Beech-Nut Nutrition Company, the folks who make baby food, recently conducted a survey that revealed more than half of parents don’t know how to properly feed their babies real food. As the mother of a 4-month-old this hardly surprises me. I got the feeling about two weeks before my son’s checkup that he was ready for solid foods. His interest piqued anytime we were eating, his sitting skills were excelling, and he went from sleeping through the night to waking once more for an early morning feed.
“When should we start solids?” I asked our pediatrician with great anticipation.
After reviewing his stats on the growth chart the doctor eyed me over the top rim of his glasses with a serious look. “NOW.”
Okay, great! Momma really does know best! But, she doesn’t know everything. We left with the advice to start him on any fruit or vegetable we wanted, to start him on one food at a time, and to wait three days between introducing new foods in case of an allergic reaction. Simple enough until you get started. Then the questions begin to flood through your mind, one spoonful at a time. How many servings a day? If he likes one food, can we add another or do we have to stop the one to start the other? How often should my baby be eating solids? (In fact, this is really mush. When do we start real solid food?)
Turning to the Internet was of virtually no help thanks to the American Academy of Pediatrics. The AAP advises parents to wait until the baby is 6 months old, then start introducing a variety of foods with different textures. Right. If I had to wait another two months, my son wouldn’t be able to enjoy any food because he would’ve gnawed his hands off in anticipation.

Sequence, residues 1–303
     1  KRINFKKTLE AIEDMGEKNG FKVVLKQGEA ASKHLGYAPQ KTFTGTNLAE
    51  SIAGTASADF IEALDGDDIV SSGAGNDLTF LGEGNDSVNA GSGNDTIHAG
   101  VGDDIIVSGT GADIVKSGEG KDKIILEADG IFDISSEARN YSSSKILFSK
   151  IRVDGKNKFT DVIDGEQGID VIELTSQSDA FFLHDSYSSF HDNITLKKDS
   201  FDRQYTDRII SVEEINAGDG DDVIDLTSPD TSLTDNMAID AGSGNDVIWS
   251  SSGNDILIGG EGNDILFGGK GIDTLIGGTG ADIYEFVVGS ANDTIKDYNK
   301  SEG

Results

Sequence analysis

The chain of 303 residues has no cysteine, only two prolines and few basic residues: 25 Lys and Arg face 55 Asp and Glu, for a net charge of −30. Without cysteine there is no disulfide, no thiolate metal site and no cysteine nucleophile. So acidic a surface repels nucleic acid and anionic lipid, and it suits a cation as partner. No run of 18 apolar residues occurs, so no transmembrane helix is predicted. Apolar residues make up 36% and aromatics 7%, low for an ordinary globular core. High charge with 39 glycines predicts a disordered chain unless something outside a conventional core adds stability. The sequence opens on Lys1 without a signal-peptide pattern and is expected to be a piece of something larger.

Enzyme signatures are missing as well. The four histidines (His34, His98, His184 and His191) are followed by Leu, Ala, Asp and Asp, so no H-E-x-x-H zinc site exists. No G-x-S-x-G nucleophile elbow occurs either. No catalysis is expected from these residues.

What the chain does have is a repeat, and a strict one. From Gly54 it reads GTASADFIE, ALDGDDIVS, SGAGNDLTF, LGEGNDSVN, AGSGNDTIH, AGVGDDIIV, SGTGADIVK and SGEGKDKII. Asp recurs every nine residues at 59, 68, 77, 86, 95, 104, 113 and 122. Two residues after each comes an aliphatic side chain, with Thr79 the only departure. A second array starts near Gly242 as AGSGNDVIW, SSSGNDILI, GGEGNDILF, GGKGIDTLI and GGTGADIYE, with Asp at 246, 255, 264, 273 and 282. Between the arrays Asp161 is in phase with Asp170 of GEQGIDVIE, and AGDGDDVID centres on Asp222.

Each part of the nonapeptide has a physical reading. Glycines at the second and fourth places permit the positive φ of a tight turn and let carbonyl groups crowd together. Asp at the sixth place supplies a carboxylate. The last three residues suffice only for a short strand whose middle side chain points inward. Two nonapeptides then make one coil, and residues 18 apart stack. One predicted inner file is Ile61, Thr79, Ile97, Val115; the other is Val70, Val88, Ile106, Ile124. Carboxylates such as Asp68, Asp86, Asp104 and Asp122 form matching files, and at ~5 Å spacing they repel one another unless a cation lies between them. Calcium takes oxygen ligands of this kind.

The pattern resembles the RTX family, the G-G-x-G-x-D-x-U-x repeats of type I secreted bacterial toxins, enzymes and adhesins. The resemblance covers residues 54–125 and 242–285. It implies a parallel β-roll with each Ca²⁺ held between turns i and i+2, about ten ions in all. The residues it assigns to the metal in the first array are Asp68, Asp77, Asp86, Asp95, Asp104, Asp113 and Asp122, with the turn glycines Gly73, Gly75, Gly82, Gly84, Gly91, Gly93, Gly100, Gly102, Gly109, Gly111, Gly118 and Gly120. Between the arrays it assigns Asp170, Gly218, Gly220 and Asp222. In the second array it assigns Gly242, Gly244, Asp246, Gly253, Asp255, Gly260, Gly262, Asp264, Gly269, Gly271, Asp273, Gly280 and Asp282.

While my doctor advised that we could start with anything in the vegetable, fruit, or single grain cereal families, most websites still run with cereal for starters. Some say one to two tablespoons, others three to four. Some say feed the baby solids once a day, some say twice. Some say integrate different foods, others say one at a time.
And some websites are against traditional baby foods altogether. If you’re following baby led weaning, you aren’t even attempting to feed your children mush at 4 months. You’re waiting until 6 months to load their tray with solids of all varieties, cut up in pieces that they can grab and put into their mouths as they so desire. Some parents love it. Others, like myself, see little ravenous beasts (whose hands need to be held back from the cereal spoon) choking themselves in excitement.
In this case, it’s a good thing most pediatricians ignore the AAP and advise parents that they can begin solids at 4 months. As it turns out, food needs differ depending on the child. Much like big humans, little humans have their own dietary needs and wants. What a shocker! Now if the feeding conversation started with that fact, perhaps it’d make a lot more sense.